Your loved one doesn’t have to give up on the things they love just because they have Alzheimer’s. In the early stages of dementia, it is common for people to withdraw from activities they once enjoyed, but engaging in fun, meaningful activities not only enriches the lives of those with Alzheimer’s – it also cuts down on behaviors such as wandering. If you’re looking for the right activities for Alzheimer’s patients to take part in, our list can help you out.
How to Choose Activities
- Match your loved one’s abilities: Pick activities that your loved one has always enjoyed, and make modifications where needed to match their current abilities.
- Take note of what works: What activities do your loved one show enthusiasm for? What activities do they dislike, or seem distracted while performing? Make a note of what works and what doesn’t.
- What does your loved one do without prompting? If you notice that your loved one is still in the habit of setting the table before dinner without prompting, you can incorporate that activity as part of their daily routine. Activities that help your loved one feel like a valued part of the household can provide them with a sense of accomplishment, which helps boost their self-esteem and sense of self.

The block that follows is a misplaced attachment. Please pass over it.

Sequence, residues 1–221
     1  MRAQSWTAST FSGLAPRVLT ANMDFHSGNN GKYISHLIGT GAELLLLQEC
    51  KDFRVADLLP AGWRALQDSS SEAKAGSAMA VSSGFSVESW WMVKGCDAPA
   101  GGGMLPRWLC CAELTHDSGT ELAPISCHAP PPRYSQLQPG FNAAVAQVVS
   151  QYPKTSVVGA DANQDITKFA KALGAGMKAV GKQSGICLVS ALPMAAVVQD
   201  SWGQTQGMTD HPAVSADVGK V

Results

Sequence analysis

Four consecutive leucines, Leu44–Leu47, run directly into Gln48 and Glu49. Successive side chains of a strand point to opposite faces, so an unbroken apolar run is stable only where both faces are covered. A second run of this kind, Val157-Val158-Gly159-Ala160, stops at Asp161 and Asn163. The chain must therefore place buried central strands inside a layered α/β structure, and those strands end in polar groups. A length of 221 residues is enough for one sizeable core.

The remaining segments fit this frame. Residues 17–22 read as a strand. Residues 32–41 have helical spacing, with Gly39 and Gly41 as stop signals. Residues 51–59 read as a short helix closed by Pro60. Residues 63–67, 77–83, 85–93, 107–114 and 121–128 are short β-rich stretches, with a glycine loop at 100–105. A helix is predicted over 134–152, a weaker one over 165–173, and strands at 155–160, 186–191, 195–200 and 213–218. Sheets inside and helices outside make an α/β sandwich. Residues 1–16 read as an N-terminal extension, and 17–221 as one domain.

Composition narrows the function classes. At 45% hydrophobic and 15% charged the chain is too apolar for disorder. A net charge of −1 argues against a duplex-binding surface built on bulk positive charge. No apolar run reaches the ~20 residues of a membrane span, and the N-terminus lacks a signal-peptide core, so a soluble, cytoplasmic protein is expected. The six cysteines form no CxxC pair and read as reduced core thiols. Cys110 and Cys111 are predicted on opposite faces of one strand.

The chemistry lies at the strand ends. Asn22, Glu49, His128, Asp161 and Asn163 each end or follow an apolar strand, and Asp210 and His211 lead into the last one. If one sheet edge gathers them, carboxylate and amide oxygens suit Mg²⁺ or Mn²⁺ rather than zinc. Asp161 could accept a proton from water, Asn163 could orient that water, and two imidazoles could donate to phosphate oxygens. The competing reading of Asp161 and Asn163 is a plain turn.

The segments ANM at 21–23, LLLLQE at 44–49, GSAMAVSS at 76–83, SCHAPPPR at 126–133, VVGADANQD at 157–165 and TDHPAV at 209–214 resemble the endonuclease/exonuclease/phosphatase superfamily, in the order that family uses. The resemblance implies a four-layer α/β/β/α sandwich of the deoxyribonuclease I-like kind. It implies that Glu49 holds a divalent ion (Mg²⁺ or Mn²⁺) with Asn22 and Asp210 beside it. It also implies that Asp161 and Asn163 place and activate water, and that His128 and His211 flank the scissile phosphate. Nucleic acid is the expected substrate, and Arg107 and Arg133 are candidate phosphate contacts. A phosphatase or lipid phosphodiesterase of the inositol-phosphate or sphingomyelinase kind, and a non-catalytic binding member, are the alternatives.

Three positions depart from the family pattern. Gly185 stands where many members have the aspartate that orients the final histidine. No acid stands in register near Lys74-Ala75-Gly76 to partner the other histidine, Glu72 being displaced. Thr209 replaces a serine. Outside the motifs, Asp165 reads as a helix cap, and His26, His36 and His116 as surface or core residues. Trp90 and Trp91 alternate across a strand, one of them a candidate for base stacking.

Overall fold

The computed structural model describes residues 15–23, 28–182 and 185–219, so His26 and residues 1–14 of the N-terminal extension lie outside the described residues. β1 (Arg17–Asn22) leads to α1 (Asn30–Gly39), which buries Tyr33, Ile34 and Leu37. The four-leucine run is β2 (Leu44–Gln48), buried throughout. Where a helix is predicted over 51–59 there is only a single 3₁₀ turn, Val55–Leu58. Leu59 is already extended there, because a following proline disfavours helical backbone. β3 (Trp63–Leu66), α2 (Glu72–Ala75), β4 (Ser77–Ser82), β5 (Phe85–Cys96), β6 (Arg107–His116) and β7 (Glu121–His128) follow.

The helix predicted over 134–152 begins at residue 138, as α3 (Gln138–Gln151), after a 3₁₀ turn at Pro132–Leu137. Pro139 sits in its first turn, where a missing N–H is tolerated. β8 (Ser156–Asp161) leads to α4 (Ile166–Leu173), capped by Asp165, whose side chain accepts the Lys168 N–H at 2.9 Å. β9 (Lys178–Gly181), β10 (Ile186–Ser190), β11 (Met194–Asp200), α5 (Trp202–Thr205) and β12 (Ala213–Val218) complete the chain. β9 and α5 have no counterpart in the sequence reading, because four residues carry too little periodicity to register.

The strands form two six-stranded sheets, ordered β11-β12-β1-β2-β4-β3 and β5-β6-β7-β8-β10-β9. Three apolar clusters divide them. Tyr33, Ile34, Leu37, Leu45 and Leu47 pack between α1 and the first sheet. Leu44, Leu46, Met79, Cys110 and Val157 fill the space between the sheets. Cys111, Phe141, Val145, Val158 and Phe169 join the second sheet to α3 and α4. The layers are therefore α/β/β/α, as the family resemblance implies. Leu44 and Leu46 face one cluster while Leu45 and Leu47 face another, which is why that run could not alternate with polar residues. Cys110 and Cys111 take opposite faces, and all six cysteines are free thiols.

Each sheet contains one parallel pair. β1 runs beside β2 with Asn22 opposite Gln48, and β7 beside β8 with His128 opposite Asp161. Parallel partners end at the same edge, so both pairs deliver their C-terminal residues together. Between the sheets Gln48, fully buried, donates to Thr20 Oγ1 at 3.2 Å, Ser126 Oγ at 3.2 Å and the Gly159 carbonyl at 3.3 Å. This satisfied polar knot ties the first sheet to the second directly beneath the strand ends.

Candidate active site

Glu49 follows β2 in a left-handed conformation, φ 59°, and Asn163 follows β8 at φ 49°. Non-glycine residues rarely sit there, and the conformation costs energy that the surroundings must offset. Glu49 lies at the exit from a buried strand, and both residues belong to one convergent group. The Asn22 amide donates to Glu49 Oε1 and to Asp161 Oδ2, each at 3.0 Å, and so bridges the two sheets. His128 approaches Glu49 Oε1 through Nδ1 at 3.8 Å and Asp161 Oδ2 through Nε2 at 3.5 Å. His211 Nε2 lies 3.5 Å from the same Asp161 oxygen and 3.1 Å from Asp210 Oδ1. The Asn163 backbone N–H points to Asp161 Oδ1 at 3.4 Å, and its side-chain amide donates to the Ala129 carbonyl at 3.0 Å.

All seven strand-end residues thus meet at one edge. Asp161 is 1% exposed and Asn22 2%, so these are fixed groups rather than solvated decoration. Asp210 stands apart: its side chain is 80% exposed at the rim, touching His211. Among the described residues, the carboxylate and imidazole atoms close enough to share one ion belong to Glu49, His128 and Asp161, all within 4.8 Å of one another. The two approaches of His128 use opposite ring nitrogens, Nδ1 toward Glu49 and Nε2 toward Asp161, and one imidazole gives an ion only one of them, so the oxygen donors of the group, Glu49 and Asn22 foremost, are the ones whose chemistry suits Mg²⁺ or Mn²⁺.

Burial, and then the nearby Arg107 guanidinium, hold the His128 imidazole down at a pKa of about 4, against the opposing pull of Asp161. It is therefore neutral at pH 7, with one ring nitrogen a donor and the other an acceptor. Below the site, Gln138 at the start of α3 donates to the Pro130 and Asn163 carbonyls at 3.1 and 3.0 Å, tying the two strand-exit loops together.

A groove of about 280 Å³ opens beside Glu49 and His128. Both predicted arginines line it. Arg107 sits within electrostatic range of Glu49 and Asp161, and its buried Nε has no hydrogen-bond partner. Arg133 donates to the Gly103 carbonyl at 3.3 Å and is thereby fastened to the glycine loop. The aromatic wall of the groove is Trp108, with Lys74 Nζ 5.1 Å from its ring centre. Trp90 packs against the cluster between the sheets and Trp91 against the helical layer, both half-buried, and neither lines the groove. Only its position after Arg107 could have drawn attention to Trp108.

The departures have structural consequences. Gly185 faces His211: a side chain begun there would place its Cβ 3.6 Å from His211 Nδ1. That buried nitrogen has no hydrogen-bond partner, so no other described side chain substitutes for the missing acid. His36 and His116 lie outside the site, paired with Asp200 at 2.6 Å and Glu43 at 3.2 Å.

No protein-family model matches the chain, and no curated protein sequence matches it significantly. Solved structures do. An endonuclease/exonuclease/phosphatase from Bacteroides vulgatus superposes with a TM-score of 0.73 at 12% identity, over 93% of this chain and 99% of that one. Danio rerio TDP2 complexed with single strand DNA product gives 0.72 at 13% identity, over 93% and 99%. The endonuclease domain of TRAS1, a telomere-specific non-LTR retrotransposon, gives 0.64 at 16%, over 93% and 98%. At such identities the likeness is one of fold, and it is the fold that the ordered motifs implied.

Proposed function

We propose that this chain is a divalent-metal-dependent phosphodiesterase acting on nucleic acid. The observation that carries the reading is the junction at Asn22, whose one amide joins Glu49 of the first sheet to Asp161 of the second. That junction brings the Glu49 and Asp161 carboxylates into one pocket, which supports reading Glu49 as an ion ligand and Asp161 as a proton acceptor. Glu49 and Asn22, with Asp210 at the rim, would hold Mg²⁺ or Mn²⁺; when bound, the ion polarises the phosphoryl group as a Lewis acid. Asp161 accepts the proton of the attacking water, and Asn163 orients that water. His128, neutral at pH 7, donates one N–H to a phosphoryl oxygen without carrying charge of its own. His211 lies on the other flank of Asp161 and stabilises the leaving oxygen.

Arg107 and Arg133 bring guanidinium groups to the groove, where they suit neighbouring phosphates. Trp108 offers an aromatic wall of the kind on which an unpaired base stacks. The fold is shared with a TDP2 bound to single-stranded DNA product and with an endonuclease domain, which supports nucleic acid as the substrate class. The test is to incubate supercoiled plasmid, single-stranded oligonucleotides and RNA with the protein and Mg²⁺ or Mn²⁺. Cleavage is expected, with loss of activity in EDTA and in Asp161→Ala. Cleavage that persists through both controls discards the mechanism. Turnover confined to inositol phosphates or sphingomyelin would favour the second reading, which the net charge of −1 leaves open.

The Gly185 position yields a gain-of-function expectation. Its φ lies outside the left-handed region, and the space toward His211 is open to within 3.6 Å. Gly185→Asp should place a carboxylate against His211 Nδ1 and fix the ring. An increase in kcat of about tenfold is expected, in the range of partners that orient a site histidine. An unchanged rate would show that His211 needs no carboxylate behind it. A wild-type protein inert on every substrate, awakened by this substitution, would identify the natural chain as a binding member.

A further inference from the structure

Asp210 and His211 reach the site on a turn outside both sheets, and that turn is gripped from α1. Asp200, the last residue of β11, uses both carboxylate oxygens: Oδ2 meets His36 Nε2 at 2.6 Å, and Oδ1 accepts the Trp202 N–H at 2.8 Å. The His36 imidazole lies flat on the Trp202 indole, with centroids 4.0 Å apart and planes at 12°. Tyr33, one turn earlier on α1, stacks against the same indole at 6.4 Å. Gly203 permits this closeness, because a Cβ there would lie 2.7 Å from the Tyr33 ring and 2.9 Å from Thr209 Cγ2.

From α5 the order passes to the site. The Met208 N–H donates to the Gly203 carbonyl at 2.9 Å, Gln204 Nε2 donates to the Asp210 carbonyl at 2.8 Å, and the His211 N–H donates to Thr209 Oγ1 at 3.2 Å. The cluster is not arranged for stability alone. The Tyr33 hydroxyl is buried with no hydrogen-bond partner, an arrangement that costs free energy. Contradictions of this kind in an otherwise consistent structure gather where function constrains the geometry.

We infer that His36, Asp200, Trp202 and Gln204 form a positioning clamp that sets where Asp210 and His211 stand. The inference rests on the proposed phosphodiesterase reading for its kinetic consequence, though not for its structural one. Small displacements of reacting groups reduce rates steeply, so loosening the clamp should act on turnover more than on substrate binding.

- Be aware of any physical difficulties: Does your loved one tire easily, or have difficulty performing simple movements? Perhaps you’ve noticed that they have difficulty hearing or seeing. You will want to adjust your activities where necessary to accommodate any physical difficulties.
- Focus on enjoyment: Your loved one may find artistic activities frustrating if they used to be a professional artist who can no longer perform said activities with ease. However, someone who has not had a history of creative practice can enjoy taking up painting or playing instruments, as these are new skills for them to explore without pressure.
- What do they love? If your loved one has always enjoyed having a cup of tea while reading the paper, they may still find love to carry out that activity, even if they are unable to completely understand the articles they are reading.
- What time is it? You may find that your loved one is more receptive to certain activities at specific parts of the day. They may prefer a bath in the morning to the evening, for instance.
- Adjust activities accordingly: As the disease progresses, you may need to prepare yourself for the fact that your loved one might want to take a less active role in activities. Repetitive tasks can help to ground your loved one, so be sure to adjust your activities as time goes on.
Carrying Out Activities
If you notice your loved one’s frustration level increasing or attention span decreasing, it is best to either modify or end the activity. The most important thing is to be supportive of, and patient with, your loved one. Make sure that the activity is fulfilling and enjoyable for them, and remember to take note if they seem anxious or stressed while performing an activity. If you’re on the lookout for new activities, try out these brain exercises!